Astronomers have seen how supermassive black holes consume their host galaxy’s star-forming gas. Photo: ESA/ATG medialab

    Artist’s impression: red gas pours out of a galaxy with a supermassive black hole at its core. Photo: ESA/ATG medialab

    Astronomers have seen how supermassive black holes consume their host galaxy’s star-forming gas. Photo: ESA/ATG medialab

    Black holes gather matter in a disc (orange), part of which is push away by a wind (blue). This powers a large-scale outflow of gas. Photo: ESA/ATG medialab

    Artist’s impression: red gas pours out of a galaxy with a supermassive black hole at its core. Photo: ESA/ATG medialab

    Astronomers have seen how supermassive black holes consume their host galaxy’s star-forming gas. Photo: ESA/ATG medialab

    Black holes gather matter in a disc (orange), part of which is push away by a wind (blue). This powers a large-scale outflow of gas. Photo: ESA/ATG medialab

    The three little pigs were rightly outraged when the wolf blew down their houses, but that’s nothing compared to the havoc some supermassive black holes wreak on their host galaxies.

    Astronomers have now discovered how these galactic beasts, found in the heart of most galaxies, huff and puff and blow their host’s raw star-building material away.

    “This is the first time that we have seen a supermassive black hole in action, blowing away the galaxy’s reservoir of star-making gas,” said research leader, Francesco Tombesi, from NASA’s Goddard Space Flight Center.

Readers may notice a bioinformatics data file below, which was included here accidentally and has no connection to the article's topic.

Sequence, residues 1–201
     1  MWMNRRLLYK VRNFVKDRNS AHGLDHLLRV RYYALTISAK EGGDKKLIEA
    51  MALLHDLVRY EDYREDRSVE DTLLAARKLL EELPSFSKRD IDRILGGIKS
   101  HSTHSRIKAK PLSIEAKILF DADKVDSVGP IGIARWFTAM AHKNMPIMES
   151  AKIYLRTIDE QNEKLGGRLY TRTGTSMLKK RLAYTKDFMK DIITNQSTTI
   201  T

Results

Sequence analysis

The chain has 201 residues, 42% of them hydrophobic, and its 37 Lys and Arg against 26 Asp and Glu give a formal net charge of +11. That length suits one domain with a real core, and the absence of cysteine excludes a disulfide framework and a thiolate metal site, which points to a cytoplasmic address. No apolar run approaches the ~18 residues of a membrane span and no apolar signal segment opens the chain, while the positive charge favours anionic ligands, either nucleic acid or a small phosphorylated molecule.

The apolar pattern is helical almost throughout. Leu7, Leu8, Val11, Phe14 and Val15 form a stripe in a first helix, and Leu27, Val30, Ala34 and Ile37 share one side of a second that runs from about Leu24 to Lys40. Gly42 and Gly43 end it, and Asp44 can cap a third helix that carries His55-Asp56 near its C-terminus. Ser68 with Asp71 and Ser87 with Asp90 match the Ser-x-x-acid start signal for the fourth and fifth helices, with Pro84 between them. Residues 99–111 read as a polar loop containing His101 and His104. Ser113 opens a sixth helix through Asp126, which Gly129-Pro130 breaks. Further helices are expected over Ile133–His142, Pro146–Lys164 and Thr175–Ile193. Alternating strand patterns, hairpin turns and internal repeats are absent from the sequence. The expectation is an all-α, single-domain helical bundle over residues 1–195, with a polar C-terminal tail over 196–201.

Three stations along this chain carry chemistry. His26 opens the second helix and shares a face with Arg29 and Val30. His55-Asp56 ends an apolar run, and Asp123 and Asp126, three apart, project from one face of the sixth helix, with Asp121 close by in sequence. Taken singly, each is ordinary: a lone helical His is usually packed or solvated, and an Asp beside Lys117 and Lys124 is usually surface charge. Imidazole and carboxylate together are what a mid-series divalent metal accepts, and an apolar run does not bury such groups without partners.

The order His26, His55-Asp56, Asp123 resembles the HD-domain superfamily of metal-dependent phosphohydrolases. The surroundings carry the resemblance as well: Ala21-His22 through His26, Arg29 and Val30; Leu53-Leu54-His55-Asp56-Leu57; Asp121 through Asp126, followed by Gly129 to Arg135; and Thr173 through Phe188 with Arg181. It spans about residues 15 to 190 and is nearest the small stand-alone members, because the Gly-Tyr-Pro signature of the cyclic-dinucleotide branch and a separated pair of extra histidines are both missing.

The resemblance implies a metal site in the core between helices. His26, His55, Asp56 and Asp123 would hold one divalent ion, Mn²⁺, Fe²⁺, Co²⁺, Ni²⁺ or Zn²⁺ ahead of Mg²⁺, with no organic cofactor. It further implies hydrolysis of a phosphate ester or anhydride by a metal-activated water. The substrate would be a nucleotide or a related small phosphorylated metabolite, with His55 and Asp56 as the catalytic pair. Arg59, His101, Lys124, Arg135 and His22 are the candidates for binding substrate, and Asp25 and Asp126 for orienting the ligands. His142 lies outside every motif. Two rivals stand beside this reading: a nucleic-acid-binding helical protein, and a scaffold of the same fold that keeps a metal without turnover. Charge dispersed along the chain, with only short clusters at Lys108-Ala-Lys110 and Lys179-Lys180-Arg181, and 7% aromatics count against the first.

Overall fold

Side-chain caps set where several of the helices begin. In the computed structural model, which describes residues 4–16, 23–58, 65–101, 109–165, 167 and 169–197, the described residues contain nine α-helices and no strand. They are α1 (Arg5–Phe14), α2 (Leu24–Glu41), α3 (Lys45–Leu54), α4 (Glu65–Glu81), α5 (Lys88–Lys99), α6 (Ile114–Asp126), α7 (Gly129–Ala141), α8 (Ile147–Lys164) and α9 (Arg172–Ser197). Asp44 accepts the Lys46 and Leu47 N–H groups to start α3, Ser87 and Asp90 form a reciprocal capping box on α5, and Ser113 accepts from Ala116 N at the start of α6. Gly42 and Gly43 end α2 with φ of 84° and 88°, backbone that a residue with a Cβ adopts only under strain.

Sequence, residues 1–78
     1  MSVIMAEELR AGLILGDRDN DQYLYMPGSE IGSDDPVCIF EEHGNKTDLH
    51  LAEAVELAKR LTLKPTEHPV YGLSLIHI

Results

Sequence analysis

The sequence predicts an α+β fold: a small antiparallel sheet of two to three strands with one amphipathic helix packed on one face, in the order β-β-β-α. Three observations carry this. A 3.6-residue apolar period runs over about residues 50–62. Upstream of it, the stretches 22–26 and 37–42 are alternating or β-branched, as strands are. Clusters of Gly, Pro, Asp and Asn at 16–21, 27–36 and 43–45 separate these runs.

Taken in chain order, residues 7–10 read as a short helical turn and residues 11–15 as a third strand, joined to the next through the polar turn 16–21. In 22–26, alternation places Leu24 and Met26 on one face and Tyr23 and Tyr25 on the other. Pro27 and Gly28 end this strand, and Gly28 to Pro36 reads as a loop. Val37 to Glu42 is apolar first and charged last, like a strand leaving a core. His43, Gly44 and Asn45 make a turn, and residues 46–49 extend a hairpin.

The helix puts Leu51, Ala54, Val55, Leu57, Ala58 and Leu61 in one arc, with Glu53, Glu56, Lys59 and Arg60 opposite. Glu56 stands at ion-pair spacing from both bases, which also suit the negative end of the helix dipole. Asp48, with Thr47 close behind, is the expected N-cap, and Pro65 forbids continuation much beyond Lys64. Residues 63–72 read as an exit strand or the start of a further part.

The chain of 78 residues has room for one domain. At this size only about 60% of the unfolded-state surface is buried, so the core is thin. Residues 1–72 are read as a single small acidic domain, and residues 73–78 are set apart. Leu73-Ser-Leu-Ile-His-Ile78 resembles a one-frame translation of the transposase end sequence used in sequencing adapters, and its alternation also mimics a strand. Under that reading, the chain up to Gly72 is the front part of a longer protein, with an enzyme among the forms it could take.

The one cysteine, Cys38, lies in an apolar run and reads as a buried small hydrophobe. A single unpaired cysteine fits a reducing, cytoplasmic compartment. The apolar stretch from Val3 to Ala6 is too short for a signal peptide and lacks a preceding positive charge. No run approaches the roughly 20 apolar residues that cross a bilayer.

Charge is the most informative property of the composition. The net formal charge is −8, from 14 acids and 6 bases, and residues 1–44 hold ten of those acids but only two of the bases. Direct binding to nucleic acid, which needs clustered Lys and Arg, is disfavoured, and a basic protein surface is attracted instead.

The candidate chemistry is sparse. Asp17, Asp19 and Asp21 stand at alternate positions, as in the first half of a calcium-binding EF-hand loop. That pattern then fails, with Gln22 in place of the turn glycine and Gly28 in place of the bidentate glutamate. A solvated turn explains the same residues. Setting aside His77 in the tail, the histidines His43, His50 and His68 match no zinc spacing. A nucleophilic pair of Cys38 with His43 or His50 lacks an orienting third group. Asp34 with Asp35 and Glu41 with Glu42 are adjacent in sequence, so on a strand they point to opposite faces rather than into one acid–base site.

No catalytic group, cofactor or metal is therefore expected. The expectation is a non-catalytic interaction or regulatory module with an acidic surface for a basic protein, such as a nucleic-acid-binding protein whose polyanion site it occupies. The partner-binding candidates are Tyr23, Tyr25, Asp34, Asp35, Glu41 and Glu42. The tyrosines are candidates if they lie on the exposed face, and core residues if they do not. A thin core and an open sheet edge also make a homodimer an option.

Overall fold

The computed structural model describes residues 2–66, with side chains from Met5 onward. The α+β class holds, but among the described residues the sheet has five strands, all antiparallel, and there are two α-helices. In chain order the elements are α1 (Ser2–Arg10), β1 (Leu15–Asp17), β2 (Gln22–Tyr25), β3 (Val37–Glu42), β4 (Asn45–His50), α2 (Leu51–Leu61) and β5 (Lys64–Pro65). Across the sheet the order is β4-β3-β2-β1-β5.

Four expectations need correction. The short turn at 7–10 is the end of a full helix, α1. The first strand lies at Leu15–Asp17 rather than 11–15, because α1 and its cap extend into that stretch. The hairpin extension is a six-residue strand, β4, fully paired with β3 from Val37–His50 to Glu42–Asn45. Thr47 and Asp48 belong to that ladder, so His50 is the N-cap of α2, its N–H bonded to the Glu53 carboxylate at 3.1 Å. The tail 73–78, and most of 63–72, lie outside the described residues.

Astronomers first witnessed the enormous power supermassive black holes could wield on their hosts when they spied superwinds ejecting huge amounts of gas from these galaxies – the equivalent of ejecting 1000 Suns every year.

    “The only thing that has the energy to do that is a supermassive black hole,” says Swinburne University of Technology astrophysicist Alan Duffy, who was not involved in the research.

    But until now it has been difficult for astronomers to capture the exact mechanism behind this process because their view was obscured by large amounts of interstellar gas.

    But by combining observations from the European Space Agency’s Herschel space observatory with data from the Japanese/US X-ray satellite, the international group detected powerful winds close to the centre of a nearby galaxy’s supermassive black hole.

    “In this instance we had a particularly clean line of sight and the X-ray telescope has given us a direct probe right into the heart of this supermassive black hole for the first time,” said Dr Duffy. “You can see the gas being driven out,” he said.

    After witnessing the first part of this process, the group also captured the finale event – a large-scale flow of gas out of the galaxy.

    These observations, published in scientific journal Nature, provide significant support to one of two theories on the way supermassive black holes keep galaxies in check, without which galaxies would be much larger than they are.

    In the quasar mode theory astronomers postulated that the disc of material that swirls around the black hole gets so hot that it heats the star-forming gas around it, pushing it out in front like a rocket.

    “This work is absolutely nailing it as the quasar mode,” says Dr Duffy.

    The alternative theory, radio mode, suggests giant jets of plasma blast their way through a galaxy frying the star-forming gas.

    While this this method of clearing a galaxy’s of their star-forming material may still be important, Dr Duffy said it’s more likely “a secondary maintenance mode”.

    “These supermassive black hole have two cleaners, one full-time and one part-time.”